Teresa M. Moser
EDTE 228A - FA, Sec. 3
Grade Level: Sixth grade
Approximate time: Two class periods, 1 hour and 15 min. the first day, 1 hour the second day.
LESSON PLAN: EGYPTIAN CARTOUCHE
This is a Visual Arts lesson in: earth clay construction and glazing, and Ancient Egyptian art. It is given in two parts, on different days, because of the firing process involved with earth clay products.
Students need to learn the properties and techniques of earth clay construction because it is a part of the Visual Arts curriculum. They should learn about the connection between this modern visual arts medium and Ancient Egyptian art. This interdisciplinary lesson helps make their study of Ancient Egyptian history more concrete.
Goals and Objectives:
(1) Artistic Perception: Each student will demonstrate his/her knowledge of earth clay construction by creating, inscribing, and glazing an earth clay Egyptian cartouche and his/her knowledge of key terms in the lesson through written assessment (VA Grade 6-1.3).
(2) Historical/Cultural Context: In this interdisciplinary lesson, during class discussion, students will explore the role that Egyptian art played in Egyptian society (VA Grade 6-3.1). Previously, the students have learned that there were other mediums typically found in Ancient Egyptian art, such as painting, and stone and metal sculptures, for example. Forming useful objects such as a cartouche, or nameplate, out of ceramic clay and glazing it, reveals yet another medium of expression consistent with the theme of Ancient Egyptian art and a type of medium typically used during the period (tomb carvings and murals).
Instructional strategies will include direct instruction, guided discovery, teacher demonstration, and class discussion.
Introduction (approximately 10 minutes):
The teacher will introduce the topic of Ancient Egyptian art, engaging students in a discussion in which they will be asked to name and describe the typical mediums used (painting, and sculpture in wood, stone, metal, and earth clay). The class will also briefly review the Ancient Egyptian hieroglyphic writing system. Todays assignment will combine sculpture using earth clay and Ancient Egyptian hieroglyphic writing to create a model of an Ancient Egyptian nameplate known as a "cartouche" which was imprinted with the name of a ruler or god.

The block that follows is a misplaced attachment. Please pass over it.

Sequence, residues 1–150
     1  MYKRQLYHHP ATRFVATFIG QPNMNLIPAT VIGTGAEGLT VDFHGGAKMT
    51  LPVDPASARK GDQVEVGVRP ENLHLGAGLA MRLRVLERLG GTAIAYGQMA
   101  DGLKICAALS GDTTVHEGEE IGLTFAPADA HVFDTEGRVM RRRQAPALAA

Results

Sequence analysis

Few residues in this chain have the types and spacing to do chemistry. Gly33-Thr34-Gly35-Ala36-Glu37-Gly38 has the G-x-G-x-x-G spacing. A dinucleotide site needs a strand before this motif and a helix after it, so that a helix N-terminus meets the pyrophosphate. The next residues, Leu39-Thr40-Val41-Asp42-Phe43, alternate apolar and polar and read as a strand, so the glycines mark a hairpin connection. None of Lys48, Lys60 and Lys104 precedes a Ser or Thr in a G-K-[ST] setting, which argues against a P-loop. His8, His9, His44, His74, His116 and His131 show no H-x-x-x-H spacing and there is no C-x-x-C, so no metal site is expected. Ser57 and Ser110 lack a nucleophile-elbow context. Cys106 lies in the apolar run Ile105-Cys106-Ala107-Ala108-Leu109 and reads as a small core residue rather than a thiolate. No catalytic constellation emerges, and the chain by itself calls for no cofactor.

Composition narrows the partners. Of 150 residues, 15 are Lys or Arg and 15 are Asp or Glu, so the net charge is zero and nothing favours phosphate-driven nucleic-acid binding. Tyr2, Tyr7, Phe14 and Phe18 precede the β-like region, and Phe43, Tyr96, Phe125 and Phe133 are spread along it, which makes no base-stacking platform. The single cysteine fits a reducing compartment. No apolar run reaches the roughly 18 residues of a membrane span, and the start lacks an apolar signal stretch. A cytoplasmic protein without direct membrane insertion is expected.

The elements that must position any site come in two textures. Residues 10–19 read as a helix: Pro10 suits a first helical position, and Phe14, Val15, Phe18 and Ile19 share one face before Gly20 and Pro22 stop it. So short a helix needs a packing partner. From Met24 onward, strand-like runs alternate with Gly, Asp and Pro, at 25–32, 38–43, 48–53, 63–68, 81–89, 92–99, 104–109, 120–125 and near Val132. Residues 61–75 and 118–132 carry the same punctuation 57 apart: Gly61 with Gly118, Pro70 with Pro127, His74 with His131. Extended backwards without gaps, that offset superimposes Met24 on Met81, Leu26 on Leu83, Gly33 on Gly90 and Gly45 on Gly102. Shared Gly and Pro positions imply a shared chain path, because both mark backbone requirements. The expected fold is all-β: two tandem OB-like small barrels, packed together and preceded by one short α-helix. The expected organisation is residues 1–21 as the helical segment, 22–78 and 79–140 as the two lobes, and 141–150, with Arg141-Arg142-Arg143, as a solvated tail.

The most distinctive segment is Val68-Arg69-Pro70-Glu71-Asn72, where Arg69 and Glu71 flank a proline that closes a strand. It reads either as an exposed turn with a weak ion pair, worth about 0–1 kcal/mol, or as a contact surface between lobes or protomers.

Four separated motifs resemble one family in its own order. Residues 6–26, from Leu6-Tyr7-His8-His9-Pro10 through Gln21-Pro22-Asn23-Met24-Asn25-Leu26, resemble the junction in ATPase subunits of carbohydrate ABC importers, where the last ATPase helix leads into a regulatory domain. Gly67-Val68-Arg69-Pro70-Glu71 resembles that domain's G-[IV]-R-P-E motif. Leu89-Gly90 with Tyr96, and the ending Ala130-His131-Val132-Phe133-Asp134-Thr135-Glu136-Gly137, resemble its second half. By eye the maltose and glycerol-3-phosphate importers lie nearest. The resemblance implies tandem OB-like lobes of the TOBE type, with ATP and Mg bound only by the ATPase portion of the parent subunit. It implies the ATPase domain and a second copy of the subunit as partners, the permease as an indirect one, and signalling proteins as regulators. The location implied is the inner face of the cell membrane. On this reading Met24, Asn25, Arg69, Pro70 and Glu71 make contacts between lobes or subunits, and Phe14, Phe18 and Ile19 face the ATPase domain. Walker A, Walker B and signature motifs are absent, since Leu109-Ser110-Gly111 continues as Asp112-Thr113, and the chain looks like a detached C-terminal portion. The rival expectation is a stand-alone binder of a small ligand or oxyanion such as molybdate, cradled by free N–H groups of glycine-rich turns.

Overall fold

In Part One of the lesson, students will create their own cartouche by forming clay in a slab construction method, and inscribe it with their own name using Egyptian hieroglyphic symbols. Then, in Part Two of the lesson, they will glaze their cartouche to finish it.
Teacher will introduce the *vocabulary of ceramic clay processes. Teacher will then discuss the steps used in creating a slab construction project, as follows:
(1) wedging the clay to remove air bubbles so the piece will not explode in the kiln,
(2) shaping the clay into either an oval or oblong (whichever student desires); and, (3) using a straightened paper clip to inscribe his/her own name in hieroglyphic symbols on the face of the cartouche.
But before students begin their clay construction, they must take paper and pencil and the handout of Egyptian hieroglyphic symbols, and transfer their own name into Egyptian hieroglyphic symbols. This will serve as their guide as they inscribe their name in the cartouche.
- cartouche (An oval or oblong nameplate created in Ancient Egypt, inscribed with hieroglyphics, in the name of a ruler or god.)
- earth clay (A natural material consisting of a particular kind of soil, made of extremely fine particles of rock broken down into flat "platelets" of clay. Clay has the quality of "plasticity" because the platelets slide against one another when combined with water and they hold together.)
- green ware (Earth clay which has been allowed to dry and harden; in this state, the clay will break easily.)
- bisque (Earth clay after it has been fired in a kiln at a low temperature; the clay is now harder and ready for glazing.)
- glazed ware (Earth clay when it has been fired in a kiln a second time, after being coated with ceramic glaze to create a semi-transparent finish.)
- kiln (A clay-lined furnace for firing earth clay products.)
- wedging (A process of forcing air bubbles from the clay to gain a uniform consistency. Trapped bubbles will cause the ware to break during firing.)
Transcribing students name into hieroglyphics (5 minutes):
1. Using paper and pencil and your Egyptian hieroglyphics handout, transfer the letters of your name into hieroglyphic symbols which you can use as a guide to help you while you inscribe your clay cartouche. (Teacher shows already completed sample.) Students begin work on inscribing their name into hieroglyphics before teacher demonstrates slab construction.
Teacher demonstration of steps in slab construction (10 minutes):
1. Wedge the clay. Get a piece of ceramic clay (show how much) and begin wedging the clay to remove air bubbles. Wedge the clay for about 5 minutes.
2. Begin slab construction. After you have wedged the clay, you can begin slab construction by flattening the clay out on the surface of the desk and forming it into either the oval or oblong shape.